Are Re-Enfranchised Florida Felons More Likely to Vote Republican?
by David M. Reutter
During the recent campaign to reinstate the voting rights of 1.4 million disenfranchised Florida felons, Republicans rallied against a constitutional amendment out of fear that former prisoners would vote as Democrats. Jared Kushner, President Trump’s son-in-law and a top adviser, now claims they had it wrong
As reported in PLN, Florida voters decisively showed they believe ex-prisoners deserve a second chance when they approved Amendment 4, which reinstated the voting rights of all felons upon completing the terms of their sentences, except those convicted of murder and sex crimes. [See: PLN, Oct. 2019, p.58; Sept. 2018, p.14]. During the 2019 legislative session, however, Republicans moved to limit Amendment 4’s reinstatement of voting rights by requiring ex-felons to pay all court-ordered fines, fees and restitution before their sentences can be deemed complete.
At an April 2019 donor retreat in Jackson Hole, Wyoming, Kushner said former prisoners are more conservative than Republicans thought.
“One statistic that I found very pleasing is that in Florida they passed a law where former felons can now vote. We’ve had more ex-felons register as Republicans than Democrats,” he stated in an interview. Kushner joked at the donor event, “I guess climate change is not their number one issue.”
There are no official reports as to the political preference of felons who have registered to vote. An NBC report in February 2019 found that in Florida’s top 10 counties, Democrats gained 711 new voter registrations while Republicans gained 717. That data reflected all registrants and not just former prisoners who regained their voting rights under Amendment 4.
That ex-felons may be swinging to the Republican side was predicted by Paul Wright, executive director of PLN’s parent organization, the Human Rights Defense Center.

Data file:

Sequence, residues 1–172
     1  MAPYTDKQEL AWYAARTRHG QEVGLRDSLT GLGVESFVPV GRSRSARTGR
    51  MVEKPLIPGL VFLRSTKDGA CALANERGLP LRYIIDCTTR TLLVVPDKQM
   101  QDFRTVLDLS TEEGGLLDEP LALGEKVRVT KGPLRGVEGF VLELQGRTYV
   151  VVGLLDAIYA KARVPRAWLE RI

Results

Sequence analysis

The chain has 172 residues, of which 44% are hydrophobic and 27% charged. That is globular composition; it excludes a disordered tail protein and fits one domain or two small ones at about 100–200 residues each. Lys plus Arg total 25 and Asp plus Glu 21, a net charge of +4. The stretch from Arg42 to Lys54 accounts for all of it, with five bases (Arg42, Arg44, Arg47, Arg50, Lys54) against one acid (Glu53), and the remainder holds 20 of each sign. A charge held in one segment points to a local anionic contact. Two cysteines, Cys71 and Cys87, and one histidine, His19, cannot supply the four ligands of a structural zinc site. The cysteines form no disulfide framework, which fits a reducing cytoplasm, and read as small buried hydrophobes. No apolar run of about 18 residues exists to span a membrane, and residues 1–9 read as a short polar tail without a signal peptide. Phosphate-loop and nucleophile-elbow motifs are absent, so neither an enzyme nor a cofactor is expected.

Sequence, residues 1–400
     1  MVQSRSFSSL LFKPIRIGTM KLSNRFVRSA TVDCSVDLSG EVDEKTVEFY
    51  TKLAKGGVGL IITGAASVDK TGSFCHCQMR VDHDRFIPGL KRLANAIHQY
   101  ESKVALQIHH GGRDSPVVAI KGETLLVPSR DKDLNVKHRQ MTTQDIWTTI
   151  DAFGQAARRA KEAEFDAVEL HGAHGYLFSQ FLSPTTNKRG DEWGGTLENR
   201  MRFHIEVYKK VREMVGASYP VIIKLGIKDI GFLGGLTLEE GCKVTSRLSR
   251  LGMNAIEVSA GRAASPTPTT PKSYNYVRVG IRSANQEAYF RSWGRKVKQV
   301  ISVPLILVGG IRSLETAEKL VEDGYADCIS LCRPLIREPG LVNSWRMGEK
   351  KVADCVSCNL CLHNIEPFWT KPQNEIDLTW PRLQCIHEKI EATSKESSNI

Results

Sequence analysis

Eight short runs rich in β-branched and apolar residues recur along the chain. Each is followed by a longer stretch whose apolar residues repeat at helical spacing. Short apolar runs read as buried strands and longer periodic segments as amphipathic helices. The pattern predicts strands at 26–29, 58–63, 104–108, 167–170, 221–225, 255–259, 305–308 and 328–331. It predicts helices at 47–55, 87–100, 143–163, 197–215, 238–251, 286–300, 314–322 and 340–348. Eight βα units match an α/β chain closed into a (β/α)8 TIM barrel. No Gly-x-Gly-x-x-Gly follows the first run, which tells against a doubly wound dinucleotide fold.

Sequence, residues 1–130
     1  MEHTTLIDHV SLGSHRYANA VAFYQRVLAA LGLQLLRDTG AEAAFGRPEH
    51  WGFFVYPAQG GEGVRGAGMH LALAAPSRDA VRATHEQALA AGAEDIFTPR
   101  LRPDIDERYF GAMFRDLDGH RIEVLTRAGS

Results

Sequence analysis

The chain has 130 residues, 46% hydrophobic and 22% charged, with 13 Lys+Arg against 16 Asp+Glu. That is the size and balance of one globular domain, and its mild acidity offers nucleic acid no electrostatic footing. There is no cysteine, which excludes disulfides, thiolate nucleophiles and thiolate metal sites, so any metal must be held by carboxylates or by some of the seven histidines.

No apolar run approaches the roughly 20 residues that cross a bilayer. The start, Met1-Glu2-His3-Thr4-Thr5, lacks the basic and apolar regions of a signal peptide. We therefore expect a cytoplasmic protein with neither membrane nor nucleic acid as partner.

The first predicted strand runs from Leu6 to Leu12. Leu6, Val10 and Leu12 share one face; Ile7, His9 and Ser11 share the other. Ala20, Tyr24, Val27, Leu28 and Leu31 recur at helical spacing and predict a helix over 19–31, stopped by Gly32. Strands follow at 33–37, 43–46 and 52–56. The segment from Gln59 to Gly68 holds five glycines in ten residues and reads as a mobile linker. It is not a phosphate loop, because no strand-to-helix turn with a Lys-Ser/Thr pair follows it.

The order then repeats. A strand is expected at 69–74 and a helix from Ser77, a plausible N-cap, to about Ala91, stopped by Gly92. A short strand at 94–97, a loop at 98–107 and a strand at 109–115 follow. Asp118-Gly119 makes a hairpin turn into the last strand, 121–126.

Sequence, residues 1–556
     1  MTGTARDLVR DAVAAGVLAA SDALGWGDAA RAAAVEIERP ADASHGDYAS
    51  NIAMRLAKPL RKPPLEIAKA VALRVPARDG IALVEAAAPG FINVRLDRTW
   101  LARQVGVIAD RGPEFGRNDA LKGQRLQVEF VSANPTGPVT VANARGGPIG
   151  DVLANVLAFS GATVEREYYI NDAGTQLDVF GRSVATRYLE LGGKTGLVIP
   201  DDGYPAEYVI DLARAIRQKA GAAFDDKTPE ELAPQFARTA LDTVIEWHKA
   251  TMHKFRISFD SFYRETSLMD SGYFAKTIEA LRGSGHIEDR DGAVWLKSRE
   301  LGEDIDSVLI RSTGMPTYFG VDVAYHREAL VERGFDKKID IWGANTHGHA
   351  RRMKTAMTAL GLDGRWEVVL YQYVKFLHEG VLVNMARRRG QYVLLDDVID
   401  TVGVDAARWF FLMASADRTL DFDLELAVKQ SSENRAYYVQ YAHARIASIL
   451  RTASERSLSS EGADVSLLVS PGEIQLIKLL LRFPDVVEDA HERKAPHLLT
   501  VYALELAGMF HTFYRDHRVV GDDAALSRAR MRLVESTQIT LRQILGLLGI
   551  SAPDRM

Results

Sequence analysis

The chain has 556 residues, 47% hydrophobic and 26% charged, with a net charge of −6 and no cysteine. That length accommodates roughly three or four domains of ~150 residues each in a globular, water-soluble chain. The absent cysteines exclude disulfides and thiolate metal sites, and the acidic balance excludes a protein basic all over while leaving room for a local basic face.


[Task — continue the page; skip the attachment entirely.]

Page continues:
“When the ACLU and its donors pushed Amendment 4, they focused on the racial justice narrative and how many black people were disenfranchised and left it unsaid that most black people vote democratic,” Wright explained. “But at the end of the day, more white felons were re-enfranchised than black felons,” and whites in Florida tend to vote Republican.
He added that “if Republicans could overcome their innate bigotry, they might be able to position themselves better.” Kushner said the Trump administration is trying to move Republicans in that direction, pointing to the First Step Act – which he helped to get passed.
According to The Sentencing Project, only about 418,224 of the 1,487,847 disenfranchised felons in Florida affected by Amendment 4 were black. While a majority of blacks in the state are registered as Democrats, non-blacks are basically evenly split among the two major parties and independents.
Other research, based on data from the 2016 elections in Florida, found that most former prisoners (58 percent) were registered as Democrats, while 24 percent registered as Republicans. Based on the limited available data, Politifact.com rated Kushner’s comments regarding the party affiliation of ex-felons in Florida as “mostly false.”
Kushner, a strong supporter of criminal justice reform, said “it would have changed my family.” He was referring to his father, who went to prison in the mid-2000s after pleading guilty to tax evasion, illegal campaign donations and witness tampering.
As for more felons registering as Republicans, Kushner stated: “That’s the data that I’ve seen. I think that will surprise a lot of people when they see the new coalition that President Trump is building for what the Republican Party has the potential to be.”
However, there is no practical way to determine whether former prisoners are registering to vote as Republicans or Democrats, as registration forms do not collect that information. And even if research backs up Kushner’s claims, it is still debatable as to what impact re-enfranchised felons, who typically have low voter turnout, will have on Florida’s political landscape.
Meanwhile, the American Conservative Union held its first Conservative Political Action Conference at a prison in early November 2019, at SCI Chester in Pennsylvania. Speakers included Maj Toure, founder of Black Guns Matter, news commentator and author Van Jones, U.S. Rep. Lloyd Smucker, former White House official Mercedes Schlapp and Pennsylvania DOC secretary John Wetzel.
Sources: axioms.com, Newsweek, vox.com, politifact.com, sentencing.typepad.com, Washington Times
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